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Thanks.
Er, with me always playing mages, str is the last thing I think about increasing. If there are some default values at creation that can also be reduced, I take it down a notch to leave more points for other attributes and leave it there. Hence a good idea to at least have a spell that allows you to carry a whole load of stuff, maybe by accessing some pocket dimension or whatever other such trick. It'd probably reduce your max mana by a certain value, since it'd constantly use that much, or could simply need to be cast when you want to access it, whether to put things in or take things out.
Actually, never saw that in games before, or at least I don't think so, and wondering why...


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In Divine Divinity even just equipment bonuses to strength would help. Playing a warrior I was biased towards strength and agility (or constitution / hit points early in the game), and still ended up with enough intelligence and mana bonuses to have plenty of mana. I never played a mage, but I expect the opposite would be true, as well.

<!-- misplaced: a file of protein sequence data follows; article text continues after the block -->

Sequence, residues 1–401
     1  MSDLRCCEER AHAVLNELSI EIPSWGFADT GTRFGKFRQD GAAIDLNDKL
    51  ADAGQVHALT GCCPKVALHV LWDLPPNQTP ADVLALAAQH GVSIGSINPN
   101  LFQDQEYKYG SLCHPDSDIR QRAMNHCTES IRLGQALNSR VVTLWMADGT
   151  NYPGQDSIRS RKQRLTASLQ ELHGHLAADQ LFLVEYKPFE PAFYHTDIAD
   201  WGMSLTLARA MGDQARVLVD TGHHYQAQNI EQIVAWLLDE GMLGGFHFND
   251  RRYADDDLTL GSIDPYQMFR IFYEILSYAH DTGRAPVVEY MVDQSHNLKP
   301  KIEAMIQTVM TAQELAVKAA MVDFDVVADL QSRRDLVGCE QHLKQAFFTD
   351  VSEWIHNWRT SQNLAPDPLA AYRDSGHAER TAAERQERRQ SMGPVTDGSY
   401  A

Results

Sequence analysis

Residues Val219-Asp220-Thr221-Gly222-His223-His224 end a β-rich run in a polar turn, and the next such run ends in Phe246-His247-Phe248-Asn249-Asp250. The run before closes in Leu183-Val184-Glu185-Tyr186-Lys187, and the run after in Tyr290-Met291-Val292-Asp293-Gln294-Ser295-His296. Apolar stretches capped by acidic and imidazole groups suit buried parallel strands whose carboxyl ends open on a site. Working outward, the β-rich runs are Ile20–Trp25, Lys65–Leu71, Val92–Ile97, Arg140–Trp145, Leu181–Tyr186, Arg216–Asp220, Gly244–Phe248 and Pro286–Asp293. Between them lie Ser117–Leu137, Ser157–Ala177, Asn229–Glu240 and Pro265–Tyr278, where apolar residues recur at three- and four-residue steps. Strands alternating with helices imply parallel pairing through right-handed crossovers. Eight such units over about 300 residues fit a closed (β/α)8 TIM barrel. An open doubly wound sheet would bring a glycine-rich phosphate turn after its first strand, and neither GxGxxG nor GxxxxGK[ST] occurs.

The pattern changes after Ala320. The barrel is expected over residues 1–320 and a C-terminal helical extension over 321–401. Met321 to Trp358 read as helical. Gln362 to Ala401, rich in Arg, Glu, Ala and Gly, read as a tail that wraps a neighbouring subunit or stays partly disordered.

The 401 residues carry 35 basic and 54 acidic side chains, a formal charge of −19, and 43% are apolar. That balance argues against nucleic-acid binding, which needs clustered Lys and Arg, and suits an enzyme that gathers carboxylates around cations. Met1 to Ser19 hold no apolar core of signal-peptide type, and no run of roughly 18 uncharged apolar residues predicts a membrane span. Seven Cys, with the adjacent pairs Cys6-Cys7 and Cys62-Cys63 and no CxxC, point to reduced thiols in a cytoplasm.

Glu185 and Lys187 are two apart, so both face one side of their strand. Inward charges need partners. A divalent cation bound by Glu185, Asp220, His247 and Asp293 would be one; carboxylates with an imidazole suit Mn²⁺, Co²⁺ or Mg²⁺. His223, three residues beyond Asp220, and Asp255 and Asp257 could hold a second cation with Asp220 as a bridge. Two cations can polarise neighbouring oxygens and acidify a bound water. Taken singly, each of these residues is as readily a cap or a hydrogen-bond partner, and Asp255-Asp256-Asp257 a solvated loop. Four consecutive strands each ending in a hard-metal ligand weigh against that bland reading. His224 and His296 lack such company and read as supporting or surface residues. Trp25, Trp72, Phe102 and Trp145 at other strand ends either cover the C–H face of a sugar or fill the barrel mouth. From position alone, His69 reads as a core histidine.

In Beyond Divinity there were two characters to split the loot between, and once you got your first summoning doll (relatively early in the game) you could have it carry an essentially unlimited amount of weight (when encumbered it wouldn't be able to move, but you could un-summon it and re-summon it elsewhere). The summoning dolls were creatures you could summon and control like your main characters (though not nearly as strong), who each had their own inventory.

In any case, it sounds like the character builds in Original Sin are expected to at least be competent with magic (4 of the 6 skill trees are magic and the ability to use chaos magic is the main part of the plot we know so far), so it is unlikely pure mages would be at a significant disadvantage even with a strength based inventory system.

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Two things drive the use of resources, and they have to be balanced: scarcity and necessity. If resources are scarce enough (like Malachite gems in Divinity 2), that promotes stockpiling, even if using them could be helpful. If resources are necessary to survive, players will use them even if they don't want to. In Divinity 2, resources like Dexterity/Intelligence/Willpower potions weren't really necessary, so they ended up getting stockpiled because of lack of use. In my recent playthrough, I had to force myself to remember to use the potions - not because I needed to, but just to use them up.